Linearity: Linearity is the ability of the method to obtain test are directly proportional to the analyte concentration within a given range.

Range: Range of analytical procedure is the interval between the upper and lower concentration of analyte in the sample. Which it has been demonstrated that the analytical procedure has a suitable level of precision, accuracy, and linearity


Ruggedness is the degree of reproducibility of test result obtained by the analysis of the same sample under a variety of test condition such as different laboratories, analyst, same, instrument, reagent lots, elapsed assay times, temperature, dates etc. It can be expressed as lack of influence of the operation and environmental variable on the test result of the analytical method.


It is measure of capacity of an assay to remain unaffected by small but deliberate variation method parameters and provide an indication of its reliability in normal usage and inadequate method development.

Determination of Robustness:

Method characteristics are assessed when one or more operating is varied by following certain designs.

1. Variation in mobile phase composition

2. Variation in nm.

3. Temperature

4. Variation in flow rate

5. Filtration study

6. Stability of analytical solution.

System suitability specification and tests

It is essential for the assurance of quality performance of chromatographic system. The accuracy and the precision of HPLC data collected, which begins with a well-behaved chromatographic system. The system suitability parameter and tests are the parameters that help in achieving this purpose. Suitability parameters are as follw.

Retention Time (RT): RT is the time of elution retention of peak of maximum after injection of compound.

Theoretical plates (N): It is also called as column efficiency. A column can be considered as being made of large number of theoretical plates where distribution of sample between liquid-liquid or solid-solid occurs. The number of theoretical plates in column is given by the relationship which is shown in equation 2.



T=the retention time

W=the width at the base of the peak.

Theoretical plates should be more than 2000[8].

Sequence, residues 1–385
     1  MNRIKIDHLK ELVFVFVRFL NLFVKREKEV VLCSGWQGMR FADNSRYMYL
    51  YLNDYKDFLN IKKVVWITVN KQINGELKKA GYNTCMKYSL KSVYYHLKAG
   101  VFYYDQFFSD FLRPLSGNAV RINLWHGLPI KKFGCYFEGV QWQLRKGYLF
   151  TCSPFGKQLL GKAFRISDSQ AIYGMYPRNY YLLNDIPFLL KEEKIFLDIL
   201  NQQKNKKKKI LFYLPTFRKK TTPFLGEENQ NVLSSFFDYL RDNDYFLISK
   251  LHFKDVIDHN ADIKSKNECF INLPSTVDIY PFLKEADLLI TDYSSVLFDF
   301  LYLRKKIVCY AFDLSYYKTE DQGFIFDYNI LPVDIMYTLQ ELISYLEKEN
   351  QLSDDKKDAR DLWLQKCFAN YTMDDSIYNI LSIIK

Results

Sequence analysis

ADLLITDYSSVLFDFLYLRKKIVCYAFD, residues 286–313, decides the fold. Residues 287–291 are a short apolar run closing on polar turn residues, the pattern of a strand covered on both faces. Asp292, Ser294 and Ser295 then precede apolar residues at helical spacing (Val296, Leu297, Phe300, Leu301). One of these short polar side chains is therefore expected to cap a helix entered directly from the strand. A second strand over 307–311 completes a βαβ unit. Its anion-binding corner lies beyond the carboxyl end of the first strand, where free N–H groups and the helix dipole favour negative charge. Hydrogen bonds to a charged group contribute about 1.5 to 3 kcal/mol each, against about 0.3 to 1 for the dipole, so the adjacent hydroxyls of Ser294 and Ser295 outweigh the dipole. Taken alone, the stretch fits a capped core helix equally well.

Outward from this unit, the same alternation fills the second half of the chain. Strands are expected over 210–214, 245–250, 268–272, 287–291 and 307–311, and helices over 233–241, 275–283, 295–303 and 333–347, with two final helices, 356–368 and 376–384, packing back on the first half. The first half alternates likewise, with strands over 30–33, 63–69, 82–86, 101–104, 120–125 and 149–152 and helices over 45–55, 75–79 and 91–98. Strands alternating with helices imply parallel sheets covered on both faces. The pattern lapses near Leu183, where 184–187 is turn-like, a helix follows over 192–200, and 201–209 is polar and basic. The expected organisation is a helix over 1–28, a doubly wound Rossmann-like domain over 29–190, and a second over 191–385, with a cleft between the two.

Resolution (R): It is a function of column efficiency and is specified to ensure that closely eluting. Compound is resolved from each other to establish the general resolving power of the system. For the separation of two components in mixture the is determined by equation 3.


Where t2 and t1 is the retention time of second and first compound respectively, where w2 and w1 are the corresponding widths at bases of peak obtained by extrapolating straight side of the peaks to baseline. R should be more than 2 between peaks of interest and the closest eluted potential interference (impurities, excipient, degradation production or internal standard).

Tailing factor (T): It is the measure of peak symmetry, is unity for perfectly symmetrical peaks and its value increases as tailing become more pronounced. Tailing factor equation is shown below:



W=0.05 is the width of peak at 5% height and f is the distance from the peak maximum to the leading edge of the peak height from the baseline. Tailing factor should be less than 2.

Capacity factor (k): It is calculated by the formula capacity factor (Equation 5).



t is the retention time of the drug, t, a, is the retention time of non-retarded component, air with thermal conductivity detection is shown in Table 1.

Parameters Formula Acceptance criteria
Accuracy - 90-110%, 80-120% of Specification limit.
PrecisionRepeatabilityIntermediate-Reproducibility equation <4%RSD (Up to 15% of LOQ)<5.0%RSD (Higher at LOQ)<6.0%RSD (Higher At LOQ)
Specificity - Peak resolution>1.5 (Related substances)>2 (Main peak)
Linearity - Visual inspection of linearity curve r> 0.990
Range - Ok if Accuracy, precision, linearity criteria are met.
LOD LOD=3.3x s/sWhere δ=standard deviation of intercepts of calibration curves.S=the slope of linearity plot. NA
LOQ LOQ=10xs/sWhere, δ= standard deviation of response.S=Mean of slopes. NA
Filtration study Absolute difference of filtered sample w.r.t. unfiltered sample Absolute difference NMT 2.0%
Stability of analytical solution Absolute difference of stability sample at each time point w.r.t. initial sample Absolute difference NMT 2.0%

Table 1. Validation parameters and their acceptance criteria.


This article gives information about how to developed a method and what is validation, how to perform validation process and there some parameter there are prove that this method is suitable for intended use or not. some objective development of analytical method is identification, purification and qualification of necessary drug etc. analytical technique development aids in identifying crucial process factor and reducing their effect on precision and accuracy. Validation is technique used in the pharmaceutical industry to verify that quality work done in the process that support the development of medicine and products.

Author's Contributions

All authors contributed equally

Conflict of Interests

There are no conflicts of interest many of the authors concerning the publishing this manuscript.

Cosent For Publiction

All authors agree to have read the manuscript and authorize the publication the final version of the manuscript.

Avialability of Data and Materials

The data used in this study are available and will be provided by the corresponding author on A reasonable request.

Funding Statement

Not appliscable.

Author's Declarations Statements

Ethics approval and consent to participate

Not applicable.


I am grateful to prof. G.B. Sonawane arousing my interest in scientific information and providing support with my studies.